The PlayStation 4 is arguably winning this console generation, topping the Xbox One in sales and big exclusives and fending off Nintendo's Switch in overall popularity. Part of the reason for its success might be Sony's reputation for strong tech support, with online chat, great help on the phone and an active Twitter account.
In our first annual Gaming Tech Support showdown, we tested Sony's support on social media, over the phone, in live chat and on company forums. While Sony's phone service was mostly top-notch, the company could still work to improve on accurate, quick responses online next year, because its competition in tech support is fierce.
Web and Social Support: 45/60
Phone Support: 37/40
Average Call Time: 9 minutes 26 seconds
Phone Number: 1-800-345-7669
Web Support: Link
Web and Social Support (45/60)
Sony doesn't take support queries over every social network, but the options it does offer are pretty thorough.
My first stop was the PlayStation support Twitter account, @AskPlayStation, which the company heavily advertises. Under a pseudonym, I tweeted at the account at 3:41 p.m E.T. on a Wednesday, asking if I could dim or turn off the light bar on the DualShock 4 controller. I heard back 56 minutes later (at 4:37 p.m.), receiving an incorrect answer: "Unfortunately, at this time your [sic] unable to alter the light bar settings on your DualShock 4."
Salvador gave me the easiest way to sync my controller and answered all my dumb questions professionally.
As I would find out later on a support call, you can go into settings to dim, but not turn off, the light bar.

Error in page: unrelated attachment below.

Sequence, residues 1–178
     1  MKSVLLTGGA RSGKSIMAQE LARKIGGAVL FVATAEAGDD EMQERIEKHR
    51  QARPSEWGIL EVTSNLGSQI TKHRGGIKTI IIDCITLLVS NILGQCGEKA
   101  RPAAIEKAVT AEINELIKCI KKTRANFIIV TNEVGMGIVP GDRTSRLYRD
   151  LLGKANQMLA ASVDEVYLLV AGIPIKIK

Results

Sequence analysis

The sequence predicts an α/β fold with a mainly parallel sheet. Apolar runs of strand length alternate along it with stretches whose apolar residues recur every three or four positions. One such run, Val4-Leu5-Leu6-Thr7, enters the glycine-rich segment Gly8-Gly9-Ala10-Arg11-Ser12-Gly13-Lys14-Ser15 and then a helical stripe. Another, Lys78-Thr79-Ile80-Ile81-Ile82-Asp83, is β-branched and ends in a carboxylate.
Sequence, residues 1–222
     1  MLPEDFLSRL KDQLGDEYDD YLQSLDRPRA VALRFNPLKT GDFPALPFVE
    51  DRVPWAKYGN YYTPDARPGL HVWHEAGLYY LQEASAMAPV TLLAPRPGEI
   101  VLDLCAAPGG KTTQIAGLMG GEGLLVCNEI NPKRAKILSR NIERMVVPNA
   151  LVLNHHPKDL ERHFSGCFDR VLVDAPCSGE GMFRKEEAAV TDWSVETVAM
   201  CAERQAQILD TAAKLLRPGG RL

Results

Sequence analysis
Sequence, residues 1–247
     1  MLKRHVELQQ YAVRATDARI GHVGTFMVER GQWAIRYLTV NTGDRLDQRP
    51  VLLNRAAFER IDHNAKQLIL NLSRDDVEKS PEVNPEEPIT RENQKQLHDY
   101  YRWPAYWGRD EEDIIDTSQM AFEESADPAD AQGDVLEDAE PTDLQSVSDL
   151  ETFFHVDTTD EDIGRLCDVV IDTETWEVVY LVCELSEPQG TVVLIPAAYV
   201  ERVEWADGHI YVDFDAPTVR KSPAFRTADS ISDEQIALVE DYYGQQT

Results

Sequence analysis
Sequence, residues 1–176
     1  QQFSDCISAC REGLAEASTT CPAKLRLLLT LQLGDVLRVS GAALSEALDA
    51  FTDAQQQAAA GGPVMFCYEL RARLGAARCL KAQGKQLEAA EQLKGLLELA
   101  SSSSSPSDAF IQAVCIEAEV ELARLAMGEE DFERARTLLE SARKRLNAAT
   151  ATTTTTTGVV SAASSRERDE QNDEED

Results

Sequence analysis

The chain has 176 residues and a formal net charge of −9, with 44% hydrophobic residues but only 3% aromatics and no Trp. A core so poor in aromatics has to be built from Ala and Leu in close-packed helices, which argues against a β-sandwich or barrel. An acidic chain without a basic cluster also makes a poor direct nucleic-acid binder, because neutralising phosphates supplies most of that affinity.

While PlayStation uses Twitter heavily, the company doesn't accept questions via Facebook. You can't even write on the company's Facebook time line.
At 3:49 p.m. the same day, I took the same question about the controller to the PlayStation support forums. Overnight, I received a few responses, but only one was helpful. Others suggested using means like tape to cover the light bar.
The next morning, at 11:10 a.m., I logged onto PlayStation support's live chat, where I asked a representative named Salvador about how I could sync a new controller. He gave me the easiest way (plugging it in via USB) and then answered professionally as I threw all of the dumb questions I had at him (Does the PS4 need to be on? Do I do it differently on a friend's PlayStation?). Salvador's English wasn't perfect, but it was good enough that I always knew what he meant.
If you don't want to deal with a person, you might want to use the search bar on the PlayStation support site to browse through articles. They're generally long and group several how-tos together, so you may have to dig a bit. For instance, the article on changing the brightness of the light bar is filed under a section on the PS4 camera not being able to see you. This makes sense but doesn't address wanting it dimmer, not brighter. But I did eventually find answers for my questions in these articles.
Phone Support (37/40)
PlayStation has some pretty great phone support, so I don't understand why its phone number is so hard to find. I couldn't locate it on the PS4's regulatory labels, nor on the PlayStation Support page. If you have the manual, you can find it there. However, if you're like me and don't keep manuals lying around, you'll have to do a Google search like I did. This will take you to a Sony Support page (not a PlayStation page) with this number: 1-800-345-SONY (7669).
Phone support is available from 9 a.m. to 11 p.m. ET Monday through Saturday and 10 a.m. through 9:30 p.m. ET on Sundays. During each call, the representative asked me for my email address or PlayStation account username, as well as my first and last name.